Claudia Dowell
Features Editor

See other caravan reviews written by Claudia Dowell

Big test, October 2008

The Limousin's layout is the same as the successful twin-axle fixed-bed Senator Wyoming but designed to attract those more conscious of price and weight. AL-KO ATC Trailer Control is standard for the first time in a mid-market van.

Pitching and setting up

The Limousin has an AL-KO chassis but is the only caravan in this class with ATC fitted as standard. You also get alloy wheels, 13-pin electrics, a buttonless handbrake, 240V awning socket and shock absorbers. Underneath is a centrally located spare wheel, waste outlets behind the offside rear axle and unobtrusive single struts for the gas locker.

However, there are no guidance channels for the steady winder and, despite being big twin-axle vans, the steadies are of the lighter-weight variety. In Bailey's favour, its MTPLM is roughly 100kg less than main rivals such as the Swift Carisma 620.

When powering up, the Limousin's old-style switches have little to go wrong and take no time to get used to.

Lounge

The Limousin boasts two 1.75m-long comfortable, sprung sofas that easily seat four and have two bolster cushions at either end. The area is lit by two halogen spotlights and two corner lights, but supplements them with LED strip lighting underneath the lockers.

To entertain you, there's a stereo with two speakers located between the lockers, in the front corners, which is not ideal if you're elsewhere in the van. There's also a TV point opposite the kitchen, which is great for watching from bed or the lounge, but no alternative point. Disappointingly, the central chest flips over rather than sliding out.

There are drop-in carpets (you can upgrade to a deeper pile but the light colour will be quick to mark) and wallboards behind the sofas.

Kitchen

The kitchen is well equipped, but there are more practical versions in other rivals. There's a separate oven and grill, a large 115-litre fridge, a microwave oven and an extractor fan, but Bailey splits the kitchen worktop either side of the sink, leaving a slither by the lounge. There's space for a kettle here, but with the 240V socket facing into the lounge, it would be easy to catch the kettle flex and drag hot water into your lap.

For storage, there are two wire trays and a cutlery drawer as well as overhead lockers. Lighting is poor, with only LED strip lighting above the work surface. The cupboard door can catch on the side of the fridge, too, putting strain on the hinge.

Washroom

You do get your home comforts in this area, with a carpeted floor and large separate shower. You'll find a domestic-style door and large mirror. There are also toilet roll and toothbrush holders, and a rooflight over the shower.

Storage is similarly impressive – there's a big cupboard under the sink and a wall cupboard. However, the Bailey has its sink set away from the shower, so that there's enough room to step into the shower tray. This arrangement impinges on room around the Thetford, and, when you get out of the shower, you risk bumping your head on the overhead shelves. The two-piece shower door design is fiddly, too.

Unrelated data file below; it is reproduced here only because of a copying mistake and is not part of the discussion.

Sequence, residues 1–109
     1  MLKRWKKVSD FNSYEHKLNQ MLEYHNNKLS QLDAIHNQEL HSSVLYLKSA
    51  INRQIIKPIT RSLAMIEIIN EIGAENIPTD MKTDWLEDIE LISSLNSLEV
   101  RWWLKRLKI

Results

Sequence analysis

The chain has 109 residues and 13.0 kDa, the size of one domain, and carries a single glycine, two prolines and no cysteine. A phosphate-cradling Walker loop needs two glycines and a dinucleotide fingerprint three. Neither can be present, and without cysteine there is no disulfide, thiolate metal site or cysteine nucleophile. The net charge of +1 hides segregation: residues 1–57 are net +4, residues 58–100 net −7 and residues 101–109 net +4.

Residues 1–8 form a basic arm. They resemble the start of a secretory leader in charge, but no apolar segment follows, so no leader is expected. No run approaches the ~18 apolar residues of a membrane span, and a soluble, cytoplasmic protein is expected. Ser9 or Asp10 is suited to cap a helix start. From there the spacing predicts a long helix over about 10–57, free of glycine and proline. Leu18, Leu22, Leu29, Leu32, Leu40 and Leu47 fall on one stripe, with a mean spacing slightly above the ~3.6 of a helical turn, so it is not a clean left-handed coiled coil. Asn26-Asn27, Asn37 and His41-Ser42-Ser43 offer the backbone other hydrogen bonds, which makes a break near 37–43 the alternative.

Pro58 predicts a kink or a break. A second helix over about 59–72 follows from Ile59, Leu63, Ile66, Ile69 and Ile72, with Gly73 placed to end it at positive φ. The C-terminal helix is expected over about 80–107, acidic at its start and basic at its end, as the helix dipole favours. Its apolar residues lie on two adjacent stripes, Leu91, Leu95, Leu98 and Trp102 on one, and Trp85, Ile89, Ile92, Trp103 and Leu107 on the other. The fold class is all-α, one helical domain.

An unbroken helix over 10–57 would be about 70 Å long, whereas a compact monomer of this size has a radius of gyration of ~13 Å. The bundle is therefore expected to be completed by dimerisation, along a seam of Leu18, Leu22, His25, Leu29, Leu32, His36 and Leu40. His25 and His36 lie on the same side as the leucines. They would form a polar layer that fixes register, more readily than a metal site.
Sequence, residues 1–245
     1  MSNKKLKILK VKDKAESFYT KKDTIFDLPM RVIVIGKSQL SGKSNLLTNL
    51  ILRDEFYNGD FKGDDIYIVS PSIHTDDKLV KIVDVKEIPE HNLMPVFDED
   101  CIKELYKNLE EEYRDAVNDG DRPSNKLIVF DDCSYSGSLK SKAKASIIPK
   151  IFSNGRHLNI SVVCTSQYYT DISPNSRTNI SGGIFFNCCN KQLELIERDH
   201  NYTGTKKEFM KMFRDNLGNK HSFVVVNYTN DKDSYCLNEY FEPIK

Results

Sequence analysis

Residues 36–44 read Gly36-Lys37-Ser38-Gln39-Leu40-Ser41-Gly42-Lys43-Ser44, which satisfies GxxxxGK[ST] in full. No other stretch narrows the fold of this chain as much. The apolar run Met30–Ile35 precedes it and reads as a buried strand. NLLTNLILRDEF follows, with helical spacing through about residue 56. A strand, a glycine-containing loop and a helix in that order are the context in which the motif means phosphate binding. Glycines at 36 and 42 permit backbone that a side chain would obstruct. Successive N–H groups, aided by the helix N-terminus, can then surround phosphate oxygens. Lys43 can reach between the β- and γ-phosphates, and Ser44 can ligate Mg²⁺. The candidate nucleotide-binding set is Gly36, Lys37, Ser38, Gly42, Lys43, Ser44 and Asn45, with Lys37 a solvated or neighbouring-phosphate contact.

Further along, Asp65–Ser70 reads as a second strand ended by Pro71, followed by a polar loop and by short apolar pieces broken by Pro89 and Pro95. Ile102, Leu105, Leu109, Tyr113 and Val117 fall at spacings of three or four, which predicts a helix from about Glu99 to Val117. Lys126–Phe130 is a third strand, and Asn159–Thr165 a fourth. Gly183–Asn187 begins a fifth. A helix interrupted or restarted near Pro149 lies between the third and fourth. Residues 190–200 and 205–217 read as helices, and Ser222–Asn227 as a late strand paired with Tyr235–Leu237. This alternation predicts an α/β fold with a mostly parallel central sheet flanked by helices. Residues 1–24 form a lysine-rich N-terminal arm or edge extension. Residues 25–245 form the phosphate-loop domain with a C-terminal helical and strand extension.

Beds

The fixed bed has spacer boards to allow condensation to dissipate and a smart headboard, and, although the offside corner of the comfy, sprung mattress is cut off, there's plenty of space to walk between the bed and wardrobe. A mini Heki rooflight provides natural light, and there are two halogen reading lights. You can see the TV clearly when lying in bed, too.

There's plenty of storage for clothes, with sectioned lockers above the beds, and two shelves in the nearside corner. The shelf below the offside window is handy for nick-nacks. The assembled front double bed has just one spotlight at the front on either side.

Storage

The fixed rear bed mattress lifts on gas struts to reveal a huge rear storage area that has an exterior access door and a tray for storing wet items. The front sofa bases have strong, curved slats, which lift on powerful springs providing vertical access to the storage space beneath, but there are no front access panels like many rivals.

The fuse box takes up a little room, but that apart there's plenty of space. The offside wardrobe is plenty big enough for two people's clothes, and there are four shelves for useful sectioned storage. The clothes rail is set high enough to hang up shirts and skirts.

Technical specs

Berth4
MiRO1378kg
Payload211kg
MTPLM1589kg
Interior length6.24m
Shipping length7.83m
Width2.28m
Height2.58m
Awning size1072cm

Verdict

An incredible amount of caravan for your money, but the interior would benefit from a more crafted finish – 10/10.

Conclusion

Pros

  • AL-KO ATC as standard, low MTPLM, large fridge
  • Superb standard specification
  • Layout works well in the lounge and the two sleeping options are virtually faultless
  • Great value.

Cons

  • Location of kitchen 240V plug
  • Poor access to and from shower
  • Some fixtures and fittings feel like they are built to a price
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